And yet, three successive administrations have failed to comply with the law, particularly the exit-tracking part of it.
    (how convenient to open borders advocates)

    Since 1996, an exasperated Congress has passed seven separate laws requiring biometric entry-exit screening. Presidents Clinton, Bush, and Obama have all failed in their constitutional duty to faithfully execute those laws. And for 20 years, Congress has failed to ensure its laws are taken as more than mere suggestions by the president.

    Flouting the law and refusing to implement a system designed specifically to protect Americans from terrorism and job theft is a perfect example of why the American people don’t trust their government to fix the “broken immigration system.”

    The “entry” part of the system is in fairly good shape. Most non-U.S. citizens who apply for a visa to enter the United States or enter under the Visa Waiver Program have to submit biometric information (fingerprints and a digital photograph) to U.S. consular or border officials. But upon leaving, foreigners face no biometric exit screening, outside of a few temporary pilot programs. Those who depart by air or sea are supposed to turn in a paper form (the I-94) that can be matched to a form submitted upon entry. In most cases, our federal government simply depends on good faith compliance by nonimmigrants (usually tourists, business travelers, and guest workers) to ensure that individuals honor the terms of their admission and turn in their departure form. Since an estimated 40-50 percent of unlawfully present foreign citizens (or 4.5-6 million) entered the United States legally and failed to leave the country when required, it is clear that operating on good faith is not the best way to ensure the integrity of our immigration system.

    The cost of implementing a biometric exit system has been cited as the main reason why it is not feasible, but reliable estimates demonstrate that cost is not an impediment. The Center for Immigration Studies estimated in 2013 that the cost of implementing biometric exit screening at all air and sea ports of entry would cost between $400 and $600 million, which is in-line with a 2012 DHS estimate. Entry-exit screening at all land ports would add to the costs, but the price of digital fingerprint scanners has come down in recent years as their use has become more commonplace. Balking at costs is really a red herring anyway, since the price for setting up and maintaining the screening system could be covered by nominal fees added to visa applications.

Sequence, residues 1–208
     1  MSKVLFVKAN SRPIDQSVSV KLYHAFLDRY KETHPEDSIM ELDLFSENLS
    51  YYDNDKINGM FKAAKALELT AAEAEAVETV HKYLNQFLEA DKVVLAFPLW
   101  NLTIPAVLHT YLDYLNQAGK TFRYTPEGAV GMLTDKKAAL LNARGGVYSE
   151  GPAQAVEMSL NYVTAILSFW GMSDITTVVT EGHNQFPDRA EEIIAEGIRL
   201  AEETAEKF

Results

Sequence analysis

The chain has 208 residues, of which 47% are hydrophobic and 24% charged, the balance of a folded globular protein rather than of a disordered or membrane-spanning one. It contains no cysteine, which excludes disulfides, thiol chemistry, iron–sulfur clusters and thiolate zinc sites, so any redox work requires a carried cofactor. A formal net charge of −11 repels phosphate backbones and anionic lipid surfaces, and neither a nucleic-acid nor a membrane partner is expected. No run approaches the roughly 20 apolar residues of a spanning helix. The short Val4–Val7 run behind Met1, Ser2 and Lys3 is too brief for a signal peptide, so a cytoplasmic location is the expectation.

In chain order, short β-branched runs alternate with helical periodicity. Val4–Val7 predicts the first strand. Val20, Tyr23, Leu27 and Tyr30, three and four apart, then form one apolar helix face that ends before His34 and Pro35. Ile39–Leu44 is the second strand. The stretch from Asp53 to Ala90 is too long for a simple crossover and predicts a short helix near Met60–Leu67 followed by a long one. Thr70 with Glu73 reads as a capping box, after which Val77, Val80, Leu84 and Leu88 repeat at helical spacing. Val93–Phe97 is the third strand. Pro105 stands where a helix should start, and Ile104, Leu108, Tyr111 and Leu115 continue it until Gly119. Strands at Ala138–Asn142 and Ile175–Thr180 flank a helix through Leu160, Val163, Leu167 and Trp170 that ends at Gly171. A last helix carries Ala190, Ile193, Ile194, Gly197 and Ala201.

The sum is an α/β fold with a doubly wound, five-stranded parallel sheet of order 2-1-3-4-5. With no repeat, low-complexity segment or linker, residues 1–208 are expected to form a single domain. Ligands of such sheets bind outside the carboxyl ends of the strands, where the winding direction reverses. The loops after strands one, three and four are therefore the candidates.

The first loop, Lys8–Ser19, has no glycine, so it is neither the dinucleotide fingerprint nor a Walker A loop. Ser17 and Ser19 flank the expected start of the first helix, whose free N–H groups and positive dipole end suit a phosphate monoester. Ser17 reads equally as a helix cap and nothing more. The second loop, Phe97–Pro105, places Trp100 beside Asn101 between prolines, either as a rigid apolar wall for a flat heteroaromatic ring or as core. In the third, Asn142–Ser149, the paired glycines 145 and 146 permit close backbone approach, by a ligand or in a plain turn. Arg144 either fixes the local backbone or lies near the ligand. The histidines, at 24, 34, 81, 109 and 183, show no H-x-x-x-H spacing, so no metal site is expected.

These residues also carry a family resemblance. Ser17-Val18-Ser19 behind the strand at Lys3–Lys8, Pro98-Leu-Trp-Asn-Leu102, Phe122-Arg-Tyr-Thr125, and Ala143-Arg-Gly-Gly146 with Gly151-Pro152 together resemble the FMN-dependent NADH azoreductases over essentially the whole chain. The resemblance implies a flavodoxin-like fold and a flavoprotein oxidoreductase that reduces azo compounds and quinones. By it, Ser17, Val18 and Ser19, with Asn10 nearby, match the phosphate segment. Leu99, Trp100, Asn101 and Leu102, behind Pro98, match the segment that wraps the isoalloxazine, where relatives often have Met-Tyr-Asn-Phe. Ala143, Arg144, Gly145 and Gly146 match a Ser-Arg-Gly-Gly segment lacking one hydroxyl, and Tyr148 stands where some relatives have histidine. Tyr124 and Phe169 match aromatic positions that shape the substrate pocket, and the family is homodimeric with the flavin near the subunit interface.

A biometric exit system is essential to deterring visa overstays effectively. It will help to eliminate errors that regularly occur when collecting and accessing biographic data, and will make identity fraud more difficult. It is easy to steal someone else’s identity papers but not so their fingerprints. A biometric screening system will enhance and facilitate data-sharing, which will lead to better national security, while also helping to combat international terrorism. Just last month, State Department officials testified to Congress that they have revoked the visas of 9,500 foreign nationals since 2001 because they found evidence those individuals were connected to terrorism after they had been admitted into the United States. Because of the lack of a biometric exit system, the officials had to admit that they have no idea whether those 9,500 individuals are still in the United States or not.

    By identifying past visa overstayers so they can be denied future entry, a biometric exit system would serve as an effective deterrent to visa violation. If they knew they were going to be identified when they failed to undergo exit screening upon their timely departure from the United States, many of them would decide to leave when their visas expired. Deterring visa overstays protects the interest of American taxpayers and especially the American workers who must compete for jobs and wages with the millions of visa overstayers who illegally take U.S. jobs.
    Last edited by artist; 01-23-2016 at 08:46 PM.

  3. #3
    Senior Member Judy's Avatar
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    Solution: Stop issuing work visas.